By law, the electric companies and the Energy Conservation Management Board (ECMB) must develop a comprehensive energy efficiency plan. This bill requires the plan to set a goal of weatherizing 80% of the state's residential units by 2030.

The bill expands cost-effectiveness evaluation requirements for the programs the electric companies propose in the plan. Among other things, the bill (1) specifies the purposes of the evaluation, (2) prescribes the evaluation process, and (3) requires ECMB to retain one or more consultants to administer the evaluation process.

The bill allows any state agency or municipality to enter into an energy performance contract with a qualified energy services provider to produce utility or operation and maintenance cost savings.

The law requires the Connecticut Health and Educational Facilities Authority (CHEFA) to establish the Green Connecticut Loan Guaranty Fund to help finance energy efficiency and renewable energy projects for individuals, nonprofit organizations, and small businesses. The bill (1) imposes various requirements on CHEFA in administering this program and (2) specifies the terms CHEFA's financial assistance must meet.

EFFECTIVE DATE: July 1, 2011 for the conservation program evaluation provisions and performance contracting provisions, upon passage for the remaining provisions

COMMERCE COMMITTEE

sHB 6525, An Act Concerning the Continuance of the Majority Leaders' Job Growth Roundtable

This bill establishes, reestablishes, or modifies a broad range of economic development initiatives, including several related to energy. The new initiatives:

1. authorize the Department of Economic and Community Development (DECD) to finance the installation of solar heating systems in homes and apartments and facilities occupied by small businesses;

2. require the transportation commissioner to convert at least 25% of the state's heavy motor vehicle fleet to alternative fuels; and

3. allow hybrid and electric motor vehicles, regardless of the number of occupants, to travel on limited access lanes reserved for high occupancy vehicles.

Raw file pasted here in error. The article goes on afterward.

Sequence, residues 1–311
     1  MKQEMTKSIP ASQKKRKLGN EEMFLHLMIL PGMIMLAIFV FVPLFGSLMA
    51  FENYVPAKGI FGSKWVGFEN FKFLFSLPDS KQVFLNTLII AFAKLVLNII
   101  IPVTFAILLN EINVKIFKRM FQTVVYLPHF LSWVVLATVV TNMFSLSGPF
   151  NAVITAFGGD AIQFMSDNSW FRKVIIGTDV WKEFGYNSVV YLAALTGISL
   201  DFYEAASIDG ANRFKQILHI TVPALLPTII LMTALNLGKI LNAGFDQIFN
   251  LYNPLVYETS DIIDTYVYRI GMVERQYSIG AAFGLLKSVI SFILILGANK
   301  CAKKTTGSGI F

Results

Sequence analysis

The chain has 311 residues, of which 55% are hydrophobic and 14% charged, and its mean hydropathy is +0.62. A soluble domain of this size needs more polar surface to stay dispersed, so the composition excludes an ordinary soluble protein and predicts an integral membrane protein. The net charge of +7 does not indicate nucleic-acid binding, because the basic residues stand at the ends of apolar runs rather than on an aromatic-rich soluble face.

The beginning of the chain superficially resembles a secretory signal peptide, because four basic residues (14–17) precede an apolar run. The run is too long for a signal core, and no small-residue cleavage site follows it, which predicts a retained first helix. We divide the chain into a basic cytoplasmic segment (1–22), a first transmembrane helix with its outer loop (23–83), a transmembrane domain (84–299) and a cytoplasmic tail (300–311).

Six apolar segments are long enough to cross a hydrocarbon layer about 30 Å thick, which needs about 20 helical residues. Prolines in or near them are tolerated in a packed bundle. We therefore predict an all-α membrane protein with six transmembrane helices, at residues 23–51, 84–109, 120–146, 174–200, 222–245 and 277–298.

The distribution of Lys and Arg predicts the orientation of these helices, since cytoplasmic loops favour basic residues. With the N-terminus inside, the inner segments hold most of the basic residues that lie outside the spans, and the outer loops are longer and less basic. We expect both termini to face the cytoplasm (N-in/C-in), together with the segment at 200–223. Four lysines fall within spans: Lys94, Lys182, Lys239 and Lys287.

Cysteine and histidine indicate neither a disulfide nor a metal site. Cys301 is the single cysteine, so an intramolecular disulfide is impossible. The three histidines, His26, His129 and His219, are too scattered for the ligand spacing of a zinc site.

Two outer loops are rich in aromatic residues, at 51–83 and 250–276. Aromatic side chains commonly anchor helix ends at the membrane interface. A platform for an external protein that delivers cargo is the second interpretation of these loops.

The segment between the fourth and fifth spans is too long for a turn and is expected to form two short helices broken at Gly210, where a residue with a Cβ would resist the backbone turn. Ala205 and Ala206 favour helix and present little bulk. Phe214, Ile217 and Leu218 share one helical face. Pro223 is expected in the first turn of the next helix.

The bill temporarily reestablishes the sales tax exemptions for clean alternative fuels and hybrid vehicles.

EFFECTIVE DATE: Various

HB 6582, An Act Concerning Expanding the State's Solar Energy Economy

This bill requires DECD to create a program that, in partnership with private banks and lending institutions, provides loans to small businesses and residential electric customers in the state for solar energy installations. DECD must develop the program by September 1, 2011, in consultation with DPUC, the Connecticut Development Authority, and the electric companies.

The program must include a mechanism allowing loan recipients to repay the loans through their monthly electric bills. The loans must be structured so that the cost savings from the solar installations offset the monthly loan payback.

The bill requires DECD to set criteria for solar energy system installers to participate in the program. The criteria must consider an installer's experience, location in the state, and the number of jobs potentially created by the installer's participation. DECD must also set criteria for private banks and lending institutions to participate in the program.

DECD must adopt implementing regulations, including regulations for application procedures and loan terms and eligibility. The bill also requires DECD to include a summary of the program's activity in its annual report. The summary must include the (1) number of installations, (2) estimated number of jobs created, and (3) estimated energy savings.

EFFECTIVE DATE: Upon passage, except the reporting requirement takes effect July 1, 2011

ENVIRONMENT COMMITTEE

SB 839, An Act Defining Biosolids as a Class I Renewable Energy Source

By law, electric companies and competitive electric suppliers must get part of their power from Class I renewable resources such as solar and wind power. This bill expands this class to include energy derived from waste heat from a public wastewater (sewage) treatment plant. In this case, waste heat is recovered from exhaust gas by processing biosolids removed from wastewater. Biosolids are treated sewage sludge.

EFFECTIVE DATE: Upon passage

sHB 6386, An Act Establishing the Department Of Energy and Environmental Protection

This bill is similar to SB 1, described above, creating the Department of Energy and Environmental Protection by merging the DPUC and DEP and transferring various energy-related responsibilities and powers from OPM to DEEP. This bill creates four rather than three bureaus in DEEP. This bill also specifies DEEP's environmental as well as energy goals. The bill changes the membership of various boards and commissions to reflect DEEP's creation. It makes many minor, conforming, and technical changes.

EFFECTIVE DATE: July 1, 2011